Sarah lived in a four-storey house overlooking Hampstead Heath that had been converted into apartments in the 1960s. When she first came to London to study and work, she rented the semi-basement flat, now euphemistically referred to as a garden flat. The owner was an elderly woman who had recently moved into a retirement facility. After the woman died, and with the money left to her after her parents died, Sarah purchased the flat. And at that time she adopted a couple of dogs (first one and then the next) from the local animal shelter.
The small dogs were content to stay at home all day, with forays into the garden through a cat door in the kitchen. This led them into a closed off run that kept them safe and secure.
The other occupants of the house had no access to the garden and so this was a perfect set up for Sarah and her dogs.
But Sarah was a creature of habit. On the odd occasions when she had been going away for a night or a few days, she always told Lisa her upstairs neighbour and Lisa would feed the dogs and take them for a short walk on the Heath. So when the dogs started to bark and whine Lisa became concerned. She hadn’t seen Sarah for a couple of days and while they were not exactly friends, they usually saw each other, if only in passing, every day.
So taking the spare key, Lisa went downstairs to Sarah’s apartment. After calling out and knocking she opened the door to be met by two frantically barking small dogs. They had obviously been on their own at least overnight. Lisa filled their food and water bowls and then stood at a loss as to what to do next. She thought a short walk on the Heath with the dogs would give Sarah time to get home. If not, then she, Lisa, would think about what to do next.
She had a phone number for Sarah’s brother but thought it unlikely that she would have gone there knowing she didn’t get on at all well with her sister-in-law. She had met several of Sarah’s friends one Sunday morning when they all met for brunch at The Coffee Cup in the High Street, but she had no way of contacting any of them.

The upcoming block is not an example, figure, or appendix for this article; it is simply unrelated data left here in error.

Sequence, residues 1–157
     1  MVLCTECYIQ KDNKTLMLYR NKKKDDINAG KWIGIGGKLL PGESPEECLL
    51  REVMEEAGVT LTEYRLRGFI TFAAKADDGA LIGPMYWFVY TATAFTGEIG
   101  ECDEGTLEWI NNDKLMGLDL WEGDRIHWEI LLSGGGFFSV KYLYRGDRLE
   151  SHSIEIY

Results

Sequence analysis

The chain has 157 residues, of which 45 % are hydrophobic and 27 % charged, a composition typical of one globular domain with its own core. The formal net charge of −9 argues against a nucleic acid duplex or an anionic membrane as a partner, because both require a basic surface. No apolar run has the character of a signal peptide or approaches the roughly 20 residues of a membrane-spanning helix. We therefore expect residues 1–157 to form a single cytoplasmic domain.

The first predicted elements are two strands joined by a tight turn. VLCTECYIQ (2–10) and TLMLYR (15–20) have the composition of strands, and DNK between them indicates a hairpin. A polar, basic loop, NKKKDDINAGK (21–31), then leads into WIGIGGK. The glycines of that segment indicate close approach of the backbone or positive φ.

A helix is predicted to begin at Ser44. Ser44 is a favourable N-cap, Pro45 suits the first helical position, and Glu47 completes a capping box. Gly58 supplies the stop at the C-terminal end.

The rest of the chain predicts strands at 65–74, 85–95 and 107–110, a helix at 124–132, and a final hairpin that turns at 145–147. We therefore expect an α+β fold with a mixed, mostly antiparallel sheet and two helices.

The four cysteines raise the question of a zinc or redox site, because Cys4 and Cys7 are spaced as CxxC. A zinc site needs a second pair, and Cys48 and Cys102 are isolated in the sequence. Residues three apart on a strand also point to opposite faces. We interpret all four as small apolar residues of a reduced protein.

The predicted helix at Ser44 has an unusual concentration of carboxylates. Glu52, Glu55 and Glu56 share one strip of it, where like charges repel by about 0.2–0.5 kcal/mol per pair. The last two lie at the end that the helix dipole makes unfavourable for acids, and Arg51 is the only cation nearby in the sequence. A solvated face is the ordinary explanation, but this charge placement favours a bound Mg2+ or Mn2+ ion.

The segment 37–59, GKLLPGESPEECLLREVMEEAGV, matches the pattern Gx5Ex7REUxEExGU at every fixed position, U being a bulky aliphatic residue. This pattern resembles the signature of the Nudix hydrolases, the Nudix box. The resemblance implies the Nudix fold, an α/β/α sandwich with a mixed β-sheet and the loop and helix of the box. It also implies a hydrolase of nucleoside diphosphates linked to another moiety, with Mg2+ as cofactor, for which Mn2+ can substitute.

So she would walk the dogs, get some fresh air and then call Sarah’s brother to see if they had been in contact since Friday. She would also look into The Coffee Cup on her way to the Heath just in case Sarah and/or some of her friends were there. There was nobody she recognised at the cafe. It was a firm favourite in the area and on a sunny Sunday morning was full of people enjoying a leisurely brunch or coffee with friends.
Arriving back at Sarah’s she let the dogs out into the garden and then looked around the flat. It wasn’t large and really there was nowhere for Sarah to be hidden if she had fallen. Lisa then called Sarah’s brother Tom. He hadn’t heard from or spoken to his sister all week. They had a loose arrangement to meet for lunch one day in the following week, but really he couldn’t help at all. He suggested that if Sarah did not return in the next couple of hours, Lisa should call him and together they would report her missing to the local police. Lisa demurred. She thought a person had to be missing for 24 or 48 hours before they were classed as missing, but Tom assured her this was not the case.
So endeavouring to quell her qualms about prying and intrusion into Sarah’s privacy she looked for a diary or an address book. She found neither and assumed that Sarah, like everybody else of her generation, kept all such information in her cell phone or on her iPad.
As she finished her search there was a ring at the door and Tom stood on the doorstep. He thought it so unlike Sarah and wanted to go to the Police Station immediately to report her missing.
This they did and were met by a kindly older policeman who took down all the relevant details, age, height, hair, when last seen etc and then asked them to wait. Soon they were called into the office of a female officer who went over all the details with them again. She asked if either of them knew if she had been worried about anything recently, problems with money or at work. Both realised how little they really knew of Sarah’s life and were unable to be more helpful to the policewoman.
Rising, she offered her hand to each of them in turn and promised to be in touch as soon as there was anything to report.
After walking Lisa home, Tom took her phone number and they promised to keep in touch advising the other if there was anything to report. Tom said he had hoped that Sarah would have been home by the time they returned from the Police Station.
To be continued…